Current± talks to Conrad Purcell, partner at law firm Bird & Bird about the difficulties of financing renewable energy projects, how to secure long-term revenue and the rise of the corporate club PPA.
What are the trends you’re seeing in the financing of renewable energy projects?
What’s clear is that it’s very much a borrower’s market at the moment. There are huge amounts of liquidity within the banking markets and the situation around Brexit has potentially caused some issues. The willingness of lenders who lend in the UK has been affected by Brexit and they’re waiting for the outcome of the process before committing to lending more in the UK.
But even without those market participants, there is plenty of funding available for projects. Lenders and funders these days include banks and institutional lenders, meaning there’s a huge amount of lending to projects within the infrastructure space that is coming from pension funds and life insurers. There’s certainly a large amount of funding available, the issue and the complaint that we hear from the lenders and funders is that there are too few projects.
I think the reason we’re seeing that is because the constraints for renewables relate to policy factors. For planning consent for a wind farm, as an example, it’s virtually impossible. Even if a developer decides to build the farm in Scotland where the government is encouraging, they are still stuck with the economics associated with where to sell the power. If a developer has built a 100MW wind farm, they then have the issue of securing a utility PPA with a utility that will not offer a long term 15 or 20 year PPA with a floor price in it that’s sufficiently high.
If a developer requires long term contracted revenues, its best bet is to try and find a corporate offtaker. This also has difficulties as there are only so many corporate offtakers that want to buy the power from wind farms in Scotland. This is where the pinch points are.
If you could unlock some of the barriers, for instance the planning restrictions that exist in some parts of England and the difficultly around the economics of the PPAs then there is evidence through economic modelling to say that it in most scenarios it would be cost neutral for energy consumers.
If revenues and the potential volatility resulting in low prices for short periods of time could be smoothed, for instance through the Contracts for Difference (CfD) scheme, then the net benefit over a longer period of time to consumers is enormous. They end up with cheaper, greener power.
Would you then say the allowance of pot one technologies – solar and onshore wind – into the CfDs could be a way forward?
The fact offshore wind is now reaching prices of around £40/MWh means that you’ve got to quite seriously question where the difference lies between pot one and pot two technologies.
That’s something we’re going to hear more about over the next couple of years. I think there is a lot to be said for a system in which pot one and two technologies can bid for CfDs. The presence of the CfD would help to make those projects infinitely more bankable. It removes the risk for lenders of there being a dip in pricing, in terms of the prices that are available for the power that an onshore wind farm, for instance, sells.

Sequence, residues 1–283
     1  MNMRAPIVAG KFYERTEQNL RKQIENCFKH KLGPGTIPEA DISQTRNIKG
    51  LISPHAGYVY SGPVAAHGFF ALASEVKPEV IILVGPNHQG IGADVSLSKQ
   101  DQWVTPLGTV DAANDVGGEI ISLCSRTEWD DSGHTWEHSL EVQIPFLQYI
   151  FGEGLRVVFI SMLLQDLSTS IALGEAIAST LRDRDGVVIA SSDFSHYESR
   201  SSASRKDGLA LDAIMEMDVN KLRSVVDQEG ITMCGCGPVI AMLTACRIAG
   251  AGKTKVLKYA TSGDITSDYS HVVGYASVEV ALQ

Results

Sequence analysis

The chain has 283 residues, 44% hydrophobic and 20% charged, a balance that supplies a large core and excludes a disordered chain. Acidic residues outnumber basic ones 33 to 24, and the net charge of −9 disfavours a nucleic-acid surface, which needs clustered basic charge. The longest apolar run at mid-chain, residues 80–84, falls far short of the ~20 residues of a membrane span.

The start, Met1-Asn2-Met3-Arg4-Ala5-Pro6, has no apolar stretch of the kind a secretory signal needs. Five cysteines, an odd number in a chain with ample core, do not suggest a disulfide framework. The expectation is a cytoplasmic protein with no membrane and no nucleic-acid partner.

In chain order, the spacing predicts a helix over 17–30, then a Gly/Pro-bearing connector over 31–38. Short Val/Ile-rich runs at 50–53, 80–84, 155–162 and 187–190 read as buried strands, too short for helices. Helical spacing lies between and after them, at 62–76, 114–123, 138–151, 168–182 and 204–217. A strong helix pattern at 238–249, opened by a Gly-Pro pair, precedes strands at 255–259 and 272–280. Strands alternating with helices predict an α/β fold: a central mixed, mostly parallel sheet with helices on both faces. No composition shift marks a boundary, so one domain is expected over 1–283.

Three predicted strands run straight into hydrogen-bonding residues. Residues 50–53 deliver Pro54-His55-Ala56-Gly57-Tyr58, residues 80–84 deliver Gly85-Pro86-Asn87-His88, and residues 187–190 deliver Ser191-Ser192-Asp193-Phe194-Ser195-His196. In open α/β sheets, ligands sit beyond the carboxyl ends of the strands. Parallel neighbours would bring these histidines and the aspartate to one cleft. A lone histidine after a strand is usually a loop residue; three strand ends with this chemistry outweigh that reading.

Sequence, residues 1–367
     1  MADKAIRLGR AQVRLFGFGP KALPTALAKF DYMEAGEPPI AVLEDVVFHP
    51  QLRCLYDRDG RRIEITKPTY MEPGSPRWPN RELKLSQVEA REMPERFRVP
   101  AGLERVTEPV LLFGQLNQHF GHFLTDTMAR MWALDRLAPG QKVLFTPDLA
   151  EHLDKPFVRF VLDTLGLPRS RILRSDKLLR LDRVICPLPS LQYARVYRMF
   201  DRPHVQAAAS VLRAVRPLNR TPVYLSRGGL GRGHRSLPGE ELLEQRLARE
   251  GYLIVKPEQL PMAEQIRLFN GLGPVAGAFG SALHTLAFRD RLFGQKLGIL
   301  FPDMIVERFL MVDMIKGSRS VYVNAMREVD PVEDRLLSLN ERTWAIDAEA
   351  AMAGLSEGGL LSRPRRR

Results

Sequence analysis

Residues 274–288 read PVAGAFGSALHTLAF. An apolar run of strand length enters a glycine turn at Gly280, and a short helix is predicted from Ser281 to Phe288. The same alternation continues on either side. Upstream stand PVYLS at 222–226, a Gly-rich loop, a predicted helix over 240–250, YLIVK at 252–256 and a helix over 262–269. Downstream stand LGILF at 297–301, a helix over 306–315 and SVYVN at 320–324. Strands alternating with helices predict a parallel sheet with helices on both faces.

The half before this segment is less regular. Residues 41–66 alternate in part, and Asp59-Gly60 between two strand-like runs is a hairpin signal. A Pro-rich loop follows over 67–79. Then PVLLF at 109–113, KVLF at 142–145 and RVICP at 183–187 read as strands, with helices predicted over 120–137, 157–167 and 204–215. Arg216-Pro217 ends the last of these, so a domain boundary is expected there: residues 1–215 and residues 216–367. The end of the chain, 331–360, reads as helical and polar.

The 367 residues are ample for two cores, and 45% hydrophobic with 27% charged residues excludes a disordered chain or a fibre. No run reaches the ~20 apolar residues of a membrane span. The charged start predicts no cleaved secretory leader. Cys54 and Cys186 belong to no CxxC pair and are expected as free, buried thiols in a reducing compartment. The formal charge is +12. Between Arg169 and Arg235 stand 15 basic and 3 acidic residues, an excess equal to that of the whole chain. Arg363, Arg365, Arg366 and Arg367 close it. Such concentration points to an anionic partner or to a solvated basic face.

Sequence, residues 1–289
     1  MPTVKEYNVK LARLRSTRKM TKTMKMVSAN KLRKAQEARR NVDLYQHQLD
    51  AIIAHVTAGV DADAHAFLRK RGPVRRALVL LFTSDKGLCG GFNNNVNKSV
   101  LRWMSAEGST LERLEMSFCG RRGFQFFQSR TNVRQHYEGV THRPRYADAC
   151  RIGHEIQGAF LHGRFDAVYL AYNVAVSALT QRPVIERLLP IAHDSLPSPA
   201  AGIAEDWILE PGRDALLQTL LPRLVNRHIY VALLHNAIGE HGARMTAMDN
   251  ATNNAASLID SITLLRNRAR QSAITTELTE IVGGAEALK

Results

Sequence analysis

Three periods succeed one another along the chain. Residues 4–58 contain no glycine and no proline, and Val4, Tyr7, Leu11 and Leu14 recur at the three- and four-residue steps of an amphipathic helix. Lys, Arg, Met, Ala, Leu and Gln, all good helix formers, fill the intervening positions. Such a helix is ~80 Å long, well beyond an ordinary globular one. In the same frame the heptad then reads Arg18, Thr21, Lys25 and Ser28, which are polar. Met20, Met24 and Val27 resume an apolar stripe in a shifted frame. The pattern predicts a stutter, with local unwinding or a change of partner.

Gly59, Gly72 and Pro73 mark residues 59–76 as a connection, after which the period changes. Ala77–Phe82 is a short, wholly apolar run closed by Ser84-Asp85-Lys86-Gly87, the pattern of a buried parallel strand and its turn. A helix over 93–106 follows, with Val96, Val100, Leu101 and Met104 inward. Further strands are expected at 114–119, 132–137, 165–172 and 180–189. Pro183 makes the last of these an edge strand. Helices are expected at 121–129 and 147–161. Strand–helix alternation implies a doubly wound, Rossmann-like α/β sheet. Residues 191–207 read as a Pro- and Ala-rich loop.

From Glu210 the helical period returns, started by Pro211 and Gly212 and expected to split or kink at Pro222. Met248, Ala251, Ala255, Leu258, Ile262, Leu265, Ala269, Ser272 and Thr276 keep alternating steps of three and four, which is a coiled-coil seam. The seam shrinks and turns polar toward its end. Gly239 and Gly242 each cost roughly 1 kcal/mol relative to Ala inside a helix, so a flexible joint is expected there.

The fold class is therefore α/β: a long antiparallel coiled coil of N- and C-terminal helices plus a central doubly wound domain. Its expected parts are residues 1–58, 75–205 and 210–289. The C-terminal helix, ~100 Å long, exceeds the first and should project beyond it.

However, we’re still only a relatively short period into the transition to renewables. All of those early projects that were built between 10 and 15 years ago are going to reach the end of their life sometime in the next five years. This then results in those projects requiring extension of life, repowering or replacing with new technologies.
To replace those projects, which benefited from the ROCs and other subsidies, in an environment where pot one technologies don’t qualify for CfDs, is going to be really difficult. It means you need to find a corporate offtake to give you a PPA or you need a utility PPA with a floor price in it to make it bankable. But that’s not something that’s readily available at a level of pricing which developers are currently able to work with given the cost of the technology, and the cost associated with building a renewable energy generator.
How much of a barrier is the availability of PPAs to new generators?
PPAs are a huge issue in terms of how we deal with renewable energy projects. PPAs across Europe have changed shape because of the removal of subsidies, resulting in a rapid growth in the use of corporate PPAs.
Corporate PPAs themselves are changing. The novelty that we’ve seen in recent times in corporate PPAs is the change in structure. Typically, there are four big players in this market, however that isn’t the whole story. The way in which that’s changed, and where we’re seeing innovation in that space, is the growth of club PPAs.
In a club PPA, multiple corporate offtakers that by themselves wouldn’t be willing to contract for a substantional period of time to take all the power of a generator will agree to take a percentage of the power being generated. For instance, five corporates with sufficient balance sheets might each agree to take 20% of the power.
Historically, that’s been quite a hard model to do as multiple corporate offtakers that were willing to enter into a PPA had to be found. Those corporates are then unlikely to be operating in the electricity market and their core function is not the negotiation of PPAs and understanding the interplay, or their obligations to buy power when the wind farm is operating and the inevitable contractual structures that go with that.